Kuwait Travel Information
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240 volts, 50Hz. Both the UK-style three-pin and European-style two-pin plugs are in use (Type G and C).
Arabic is the official language, but English is widely used and understood; a compulsory language in secondary schools. Other widely spoken languages include Farsi (common among Iranian expats) and Urdu (common among South Asian expats).
No vaccination certificates are required for entry into Kuwait, but inoculation against typhoid is advisable for travellers eating outside of major hotels and restaurants. General vaccinations for hepatitis A and B, and MMR updates (measles-mumps and rubella) are also recommended.
There is a risk of diarrhoeal diseases, which are common in the country. Tap water is safest when boiled, filtered and disinfected, and, while many people consider it relatively safe to drink, most visitors stick to bottled water.
Medical fees are high and medical insurance is recommended; many doctors will expect payment in cash regardless of whether you have medical insurance or not. All prescription medicines must be accompanied by a doctor's letter detailing exactly why the medication is required and be sure to check the list of medical contraband, so as to avoid importing banned prescription drugs (e.g. drugs containing alcohol) into the country.
A service charge of 15 percent is usually added to bills in restaurants and hotels; if not a tip of 10 percent is acceptable. Additional tipping is only expected in more expensive hotels. Taxi drivers appreciate a small tip for long journeys. Baggage handlers, petrol attendants and assistants can also be tipped a small amount; this is common practice.
Authorities are of the opinion that there is a high general threat of terrorism against western targets in Kuwait and other countries in the region. Visitors should remain vigilant, especially in public places and where westerners gather.
The situation has become more dire with the presence of the Islamic State of Iraq and the Levant (ISIL) in the region. ISIL claimed responsiblity for a bomb attack on a Shia mosque in Kuwait City, which took place on 26 June 2015. It is evident that both western and non-western targets are currently under threat of terrorist attacks in Kuwait and travellers should be wary of further threats from ISIL.
The country is regarded as trouble-free as far as crime is concerned, but, while unorganised protests are illegal they do occur occasionally and visitors should avoid sanctioned public gatherings and demonstrations as well, as some have turned violent in the past.
When travelling outside Kuwait City keep to tarmac roads and take care on beaches and picnic spots because landmines and other unexploded ordnance still litters the countryside. Driving in Kuwait is hazardous, local drivers being negligent and reckless, so constant vigilance is essential.
Being a strict Muslim society, dress in public should be modest and formal attire is always preferable to casual. Any public display of affection between men and women, beyond married couples holding hands, is punishable; male homosexuality is illegal and the legal status of female homosexuality is ambiguous. Because of the influx of western tourists, some hotels allow unmarried couples to share a room, but unmarried couples are not allowed to stay together on a permenant basis.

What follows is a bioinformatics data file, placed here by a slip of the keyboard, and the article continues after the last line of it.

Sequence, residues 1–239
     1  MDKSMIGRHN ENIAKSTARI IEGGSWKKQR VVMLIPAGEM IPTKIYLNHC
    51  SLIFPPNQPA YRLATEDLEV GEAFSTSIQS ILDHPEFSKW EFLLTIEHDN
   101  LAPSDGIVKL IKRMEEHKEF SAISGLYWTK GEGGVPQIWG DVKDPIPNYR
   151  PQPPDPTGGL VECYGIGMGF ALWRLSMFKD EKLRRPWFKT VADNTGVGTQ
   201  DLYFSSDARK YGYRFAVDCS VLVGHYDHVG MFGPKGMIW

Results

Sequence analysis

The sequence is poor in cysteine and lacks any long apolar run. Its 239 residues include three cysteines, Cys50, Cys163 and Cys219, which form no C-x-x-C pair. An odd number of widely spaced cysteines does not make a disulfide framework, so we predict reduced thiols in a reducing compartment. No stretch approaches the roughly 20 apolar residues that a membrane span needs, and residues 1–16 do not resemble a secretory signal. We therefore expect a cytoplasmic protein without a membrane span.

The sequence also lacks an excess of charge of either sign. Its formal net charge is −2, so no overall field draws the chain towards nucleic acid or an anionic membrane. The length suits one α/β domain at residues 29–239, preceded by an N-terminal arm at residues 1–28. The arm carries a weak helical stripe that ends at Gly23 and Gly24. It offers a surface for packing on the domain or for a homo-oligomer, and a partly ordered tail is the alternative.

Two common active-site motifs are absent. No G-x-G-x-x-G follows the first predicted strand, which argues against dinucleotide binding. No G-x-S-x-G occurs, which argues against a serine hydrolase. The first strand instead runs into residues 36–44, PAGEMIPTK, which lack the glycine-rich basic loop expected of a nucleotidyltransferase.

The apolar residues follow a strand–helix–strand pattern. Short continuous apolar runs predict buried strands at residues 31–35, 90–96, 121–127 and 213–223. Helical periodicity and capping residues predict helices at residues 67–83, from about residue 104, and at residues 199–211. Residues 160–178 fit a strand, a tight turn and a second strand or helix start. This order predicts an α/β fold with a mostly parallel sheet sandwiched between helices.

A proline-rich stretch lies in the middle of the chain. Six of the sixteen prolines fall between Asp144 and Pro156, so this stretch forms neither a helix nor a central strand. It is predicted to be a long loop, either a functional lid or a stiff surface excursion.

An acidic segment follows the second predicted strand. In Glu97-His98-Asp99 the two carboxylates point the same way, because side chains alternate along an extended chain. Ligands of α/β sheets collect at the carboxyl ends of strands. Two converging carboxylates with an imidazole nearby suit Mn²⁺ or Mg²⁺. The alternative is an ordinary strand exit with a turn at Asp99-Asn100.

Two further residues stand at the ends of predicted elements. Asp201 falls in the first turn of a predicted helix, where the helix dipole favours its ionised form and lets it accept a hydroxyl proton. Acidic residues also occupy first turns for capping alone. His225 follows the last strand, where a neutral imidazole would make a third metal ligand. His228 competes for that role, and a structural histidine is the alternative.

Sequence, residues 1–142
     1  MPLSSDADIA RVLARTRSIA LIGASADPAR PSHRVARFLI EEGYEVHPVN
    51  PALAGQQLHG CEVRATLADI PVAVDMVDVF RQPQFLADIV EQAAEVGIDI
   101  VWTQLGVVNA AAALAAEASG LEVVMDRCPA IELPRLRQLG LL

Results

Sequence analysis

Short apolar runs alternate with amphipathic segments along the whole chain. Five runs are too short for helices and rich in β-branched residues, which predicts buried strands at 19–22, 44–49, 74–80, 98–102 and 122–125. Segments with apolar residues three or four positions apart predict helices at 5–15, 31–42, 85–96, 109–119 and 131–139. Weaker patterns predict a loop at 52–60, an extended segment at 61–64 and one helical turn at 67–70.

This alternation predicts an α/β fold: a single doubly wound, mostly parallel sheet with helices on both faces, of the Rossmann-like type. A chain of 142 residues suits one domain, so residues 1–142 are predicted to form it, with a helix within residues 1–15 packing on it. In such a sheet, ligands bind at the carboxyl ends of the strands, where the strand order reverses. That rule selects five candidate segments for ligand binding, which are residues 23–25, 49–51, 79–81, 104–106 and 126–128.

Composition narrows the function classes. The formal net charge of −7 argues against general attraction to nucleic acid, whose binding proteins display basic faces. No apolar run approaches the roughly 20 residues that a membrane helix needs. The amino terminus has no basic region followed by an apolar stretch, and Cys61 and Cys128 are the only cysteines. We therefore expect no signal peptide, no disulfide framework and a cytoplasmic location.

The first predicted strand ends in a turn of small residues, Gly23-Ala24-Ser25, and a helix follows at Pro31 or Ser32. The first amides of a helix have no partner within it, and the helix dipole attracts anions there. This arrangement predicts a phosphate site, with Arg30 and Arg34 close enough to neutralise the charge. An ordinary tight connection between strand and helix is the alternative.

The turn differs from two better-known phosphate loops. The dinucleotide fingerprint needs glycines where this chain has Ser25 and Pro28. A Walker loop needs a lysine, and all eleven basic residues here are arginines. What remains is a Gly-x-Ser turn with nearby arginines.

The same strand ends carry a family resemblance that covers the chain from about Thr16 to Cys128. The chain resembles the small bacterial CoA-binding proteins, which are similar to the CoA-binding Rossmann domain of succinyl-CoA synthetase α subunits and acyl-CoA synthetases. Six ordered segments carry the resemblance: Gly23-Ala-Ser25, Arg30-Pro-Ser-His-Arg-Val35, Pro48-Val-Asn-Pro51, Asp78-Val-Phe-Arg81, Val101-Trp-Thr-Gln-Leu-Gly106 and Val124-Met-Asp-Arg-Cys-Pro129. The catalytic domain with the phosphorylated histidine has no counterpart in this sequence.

Alcohol is not permitted in Kuwait, and the use of this or the importation of obscene material is an imprsionable offense. Touch between the same gender is allowed, but not between opposite genders; verbal greetings are customary.
Photography near industrial, military or government buildings is illegal, including oil fields. Religious customs should be respected, particularly during the month of Ramadan when eating, drinking and smoking during daylight hours should be discreet, as it is forbidden and punishable by law. It is important to carry identification at all times.
Most aspects of the business culture are conservative. Dress should be formal and conservative (particularly for women). There is often accompanying small talk when meeting someone for the first time. Be sure to adhere to local customs.
Public affection between opposite sexes is proscribed and, in general, when greeting a women take her lead. Most business is conducted in English, although using a few words of Arabic (particularly for titles) will be appreciated.
The working week runs from Sunday to Thursday; business hours vary, but are usually from 7am to 1pm and 4pm to 10pm. Government offices and banks are usually open from 8am to 2pm.
The international dialling code for Kuwait is +965. Full international direct dialling is available. Local mobile service providers operate on GSM networks, which have active roaming agreements with most international mobile phone operators. All telecommunications services are of a high quality in Kuwait, however, there are occasional disruptions to internet connections nationwide. Internet cafes are available throughout Kuwait.
Travellers to Kuwait do not have to pay duty on 500 cigarettes, or 2lbs tobacco. It is prohibited to enter the country with alcohol or narcotics; milk products and unsealed salty fish; mineral water, unsealed olives and pickles; homemade foods; fresh vegetables; shellfish and by-products; and fresh figs.
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